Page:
The numbers alone tell the story of Toronto’s dramatic shift skyward, largely just over the last decade, in the wake of Ontario’s intensification policies, he added. As of October, there were 305,241 condos across the GTA. A further 250,000 are in the planning stages. Some 60,000 are under construction.

“It’s a healthy sign that the market hasn’t gone south, but basically what you’re seeing now is developers trying to catch the last of the big wave,” says Lyon.

Comment: I don’t know about that. I think we are seeing a condo market that is maturing. The past 15 years have been crazy, but things are settling somewhat, with new ides coming along. Huge towers downtown are not the end-all be-all, we are seeing more smaller buildings in other locations. Getting condos in The Junction, The Beaches, Yonge & Eglinton, High Park and along the Danforth is changing the fabric of the city. Not everyone wants a condo in CityPlace, many want a neighbourhood to live in.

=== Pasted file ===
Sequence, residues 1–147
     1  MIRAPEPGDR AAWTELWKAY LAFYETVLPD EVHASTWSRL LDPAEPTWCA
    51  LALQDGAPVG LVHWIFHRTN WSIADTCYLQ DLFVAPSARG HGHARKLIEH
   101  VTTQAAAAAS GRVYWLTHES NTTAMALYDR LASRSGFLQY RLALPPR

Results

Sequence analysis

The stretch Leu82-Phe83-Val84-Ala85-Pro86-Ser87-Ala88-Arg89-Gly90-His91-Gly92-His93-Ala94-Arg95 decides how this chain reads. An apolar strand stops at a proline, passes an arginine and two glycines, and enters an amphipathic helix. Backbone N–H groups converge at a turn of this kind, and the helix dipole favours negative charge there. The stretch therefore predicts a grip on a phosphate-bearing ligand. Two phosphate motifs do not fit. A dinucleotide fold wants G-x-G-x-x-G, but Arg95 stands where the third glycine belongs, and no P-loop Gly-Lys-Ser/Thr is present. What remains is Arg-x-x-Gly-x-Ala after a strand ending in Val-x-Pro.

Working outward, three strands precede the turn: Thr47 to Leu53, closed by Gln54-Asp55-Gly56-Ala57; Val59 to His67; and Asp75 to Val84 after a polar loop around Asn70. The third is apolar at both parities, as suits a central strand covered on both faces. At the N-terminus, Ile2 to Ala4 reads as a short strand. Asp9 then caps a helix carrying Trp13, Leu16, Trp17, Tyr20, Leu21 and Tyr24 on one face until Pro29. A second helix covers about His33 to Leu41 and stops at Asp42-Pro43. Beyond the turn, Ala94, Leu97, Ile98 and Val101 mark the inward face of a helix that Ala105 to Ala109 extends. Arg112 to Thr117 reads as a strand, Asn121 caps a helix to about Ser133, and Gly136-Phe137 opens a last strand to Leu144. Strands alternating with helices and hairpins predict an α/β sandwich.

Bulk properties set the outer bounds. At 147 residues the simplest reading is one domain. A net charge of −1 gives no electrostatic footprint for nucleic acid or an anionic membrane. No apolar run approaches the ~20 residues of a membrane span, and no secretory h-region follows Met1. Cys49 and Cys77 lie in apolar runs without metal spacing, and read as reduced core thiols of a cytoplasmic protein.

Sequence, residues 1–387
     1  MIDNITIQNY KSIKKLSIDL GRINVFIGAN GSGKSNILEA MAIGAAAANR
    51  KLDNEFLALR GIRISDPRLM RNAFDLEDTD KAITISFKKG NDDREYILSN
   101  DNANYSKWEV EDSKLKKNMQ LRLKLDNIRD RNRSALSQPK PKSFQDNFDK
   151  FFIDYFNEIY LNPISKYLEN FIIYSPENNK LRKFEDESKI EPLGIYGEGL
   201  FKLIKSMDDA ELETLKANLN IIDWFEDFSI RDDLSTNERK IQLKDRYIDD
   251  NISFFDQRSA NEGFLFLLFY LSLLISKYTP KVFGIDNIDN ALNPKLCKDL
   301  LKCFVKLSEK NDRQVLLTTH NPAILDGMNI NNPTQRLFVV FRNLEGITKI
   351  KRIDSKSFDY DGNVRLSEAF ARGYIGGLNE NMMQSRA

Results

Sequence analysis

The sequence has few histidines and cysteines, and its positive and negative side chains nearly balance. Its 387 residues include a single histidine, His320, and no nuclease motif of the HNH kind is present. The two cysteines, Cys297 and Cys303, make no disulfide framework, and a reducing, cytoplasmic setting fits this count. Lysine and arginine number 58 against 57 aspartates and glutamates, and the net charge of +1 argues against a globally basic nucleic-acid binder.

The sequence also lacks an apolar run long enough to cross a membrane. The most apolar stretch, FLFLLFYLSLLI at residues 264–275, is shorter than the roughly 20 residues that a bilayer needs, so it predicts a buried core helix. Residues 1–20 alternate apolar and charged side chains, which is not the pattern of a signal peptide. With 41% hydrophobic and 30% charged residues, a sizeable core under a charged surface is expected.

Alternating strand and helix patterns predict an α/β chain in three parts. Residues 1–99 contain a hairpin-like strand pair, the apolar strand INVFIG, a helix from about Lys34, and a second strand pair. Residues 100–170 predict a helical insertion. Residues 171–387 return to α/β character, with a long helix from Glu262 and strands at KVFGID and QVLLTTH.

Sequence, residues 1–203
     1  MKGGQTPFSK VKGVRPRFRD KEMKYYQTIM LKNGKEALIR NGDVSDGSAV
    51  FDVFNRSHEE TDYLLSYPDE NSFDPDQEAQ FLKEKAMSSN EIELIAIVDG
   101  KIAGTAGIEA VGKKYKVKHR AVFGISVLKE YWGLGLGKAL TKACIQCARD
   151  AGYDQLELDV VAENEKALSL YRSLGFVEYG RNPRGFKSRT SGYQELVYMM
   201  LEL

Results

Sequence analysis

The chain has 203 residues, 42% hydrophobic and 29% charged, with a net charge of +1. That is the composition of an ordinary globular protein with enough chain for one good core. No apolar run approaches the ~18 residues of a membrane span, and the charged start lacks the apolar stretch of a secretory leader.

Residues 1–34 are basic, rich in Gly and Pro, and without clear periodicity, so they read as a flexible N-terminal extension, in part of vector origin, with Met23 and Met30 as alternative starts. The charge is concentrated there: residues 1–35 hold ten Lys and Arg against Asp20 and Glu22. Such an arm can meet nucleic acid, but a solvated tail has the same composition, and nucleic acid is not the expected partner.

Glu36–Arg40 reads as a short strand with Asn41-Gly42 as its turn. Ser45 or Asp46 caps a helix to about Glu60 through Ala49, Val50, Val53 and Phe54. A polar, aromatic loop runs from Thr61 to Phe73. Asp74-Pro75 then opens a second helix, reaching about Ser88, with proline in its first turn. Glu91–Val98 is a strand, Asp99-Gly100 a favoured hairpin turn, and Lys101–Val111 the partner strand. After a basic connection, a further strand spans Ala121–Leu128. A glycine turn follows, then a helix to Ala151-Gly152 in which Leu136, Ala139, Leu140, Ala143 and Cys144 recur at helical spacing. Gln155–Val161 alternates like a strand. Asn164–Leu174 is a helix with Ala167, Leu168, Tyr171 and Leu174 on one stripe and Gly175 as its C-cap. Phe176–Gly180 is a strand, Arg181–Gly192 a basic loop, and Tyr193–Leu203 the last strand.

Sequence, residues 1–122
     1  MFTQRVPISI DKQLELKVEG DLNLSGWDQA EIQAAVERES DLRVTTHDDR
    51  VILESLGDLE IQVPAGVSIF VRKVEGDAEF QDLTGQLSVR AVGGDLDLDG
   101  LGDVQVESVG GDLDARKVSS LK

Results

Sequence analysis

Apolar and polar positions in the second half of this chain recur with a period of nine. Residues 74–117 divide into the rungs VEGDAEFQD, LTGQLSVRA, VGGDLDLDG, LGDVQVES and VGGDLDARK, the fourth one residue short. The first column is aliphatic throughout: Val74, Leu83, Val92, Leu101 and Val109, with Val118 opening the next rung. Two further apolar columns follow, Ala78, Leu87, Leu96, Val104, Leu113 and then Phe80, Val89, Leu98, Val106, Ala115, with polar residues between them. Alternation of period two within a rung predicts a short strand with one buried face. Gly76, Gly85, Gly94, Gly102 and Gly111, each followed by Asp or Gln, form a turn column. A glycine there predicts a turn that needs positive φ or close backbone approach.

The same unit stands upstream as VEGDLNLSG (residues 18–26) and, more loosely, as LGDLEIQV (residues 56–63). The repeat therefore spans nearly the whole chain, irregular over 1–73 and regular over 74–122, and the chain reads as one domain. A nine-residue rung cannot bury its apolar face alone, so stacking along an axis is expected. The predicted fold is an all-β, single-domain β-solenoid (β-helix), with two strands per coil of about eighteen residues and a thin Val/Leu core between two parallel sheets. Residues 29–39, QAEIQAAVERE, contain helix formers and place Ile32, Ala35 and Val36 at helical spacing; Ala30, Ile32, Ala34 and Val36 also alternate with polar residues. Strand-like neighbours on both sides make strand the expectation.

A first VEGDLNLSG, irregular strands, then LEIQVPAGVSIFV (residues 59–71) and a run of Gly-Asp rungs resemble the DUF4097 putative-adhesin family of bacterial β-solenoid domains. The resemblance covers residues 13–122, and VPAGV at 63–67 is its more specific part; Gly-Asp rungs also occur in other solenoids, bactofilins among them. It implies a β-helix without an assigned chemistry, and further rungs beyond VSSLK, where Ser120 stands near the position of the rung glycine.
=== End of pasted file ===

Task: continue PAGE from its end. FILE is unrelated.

Launches are likely to ease as the year progresses, he notes. He’s anticipating about 70 to 80 new projects for 2014, down from 101 in 2013.

Comment: And new project launches, sales and starts will all ebb and flow each year as various factors change.

Contact Laurin Jeffrey for more information – 416-388-1960

Laurin Jeffrey is a Toronto real estate agent with Century 21 Regal Realty.
He did not write these articles, he just reproduces them here for people who
are interested in Toronto real estate. He does not work for any builders.